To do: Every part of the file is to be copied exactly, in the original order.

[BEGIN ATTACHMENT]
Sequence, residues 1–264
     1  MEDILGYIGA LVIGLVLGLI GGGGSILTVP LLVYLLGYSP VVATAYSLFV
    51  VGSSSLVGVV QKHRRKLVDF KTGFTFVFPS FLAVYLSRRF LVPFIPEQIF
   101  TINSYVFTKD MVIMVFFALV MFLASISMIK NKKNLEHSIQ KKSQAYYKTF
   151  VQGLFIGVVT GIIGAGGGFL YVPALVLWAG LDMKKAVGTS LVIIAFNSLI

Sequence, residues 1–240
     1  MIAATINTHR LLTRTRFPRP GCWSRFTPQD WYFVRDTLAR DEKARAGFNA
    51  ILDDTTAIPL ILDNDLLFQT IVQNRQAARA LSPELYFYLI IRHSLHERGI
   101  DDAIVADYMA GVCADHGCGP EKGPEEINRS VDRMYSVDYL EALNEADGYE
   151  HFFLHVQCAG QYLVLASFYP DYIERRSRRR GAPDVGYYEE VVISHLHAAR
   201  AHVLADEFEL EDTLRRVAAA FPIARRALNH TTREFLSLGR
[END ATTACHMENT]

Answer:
Sequence, residues 1–264
     1  MEDILGYIGA LVIGLVLGLI GGGGSILTVP LLVYLLGYSP VVATAYSLFV
    51  VGSSSLVGVV QKHRRKLVDF KTGFTFVFPS FLAVYLSRRF LVPFIPEQIF
   101  TINSYVFTKD MVIMVFFALV MFLASISMIK NKKNLEHSIQ KKSQAYYKTF
   151  VQGLFIGVVT GIIGAGGGFL YVPALVLWAG LDMKKAVGTS LVIIAFNSLI

Sequence, residues 1–240
     1  MIAATINTHR LLTRTRFPRP GCWSRFTPQD WYFVRDTLAR DEKARAGFNA
    51  ILDDTTAIPL ILDNDLLFQT IVQNRQAARA LSPELYFYLI IRHSLHERGI
   101  DDAIVADYMA GVCADHGCGP EKGPEEINRS VDRMYSVDYL EALNEADGYE
   151  HFFLHVQCAG QYLVLASFYP DYIERRSRRR GAPDVGYYEE VVISHLHAAR
   201  AHVLADEFEL EDTLRRVAAA FPIARRALNH TTREFLSLGR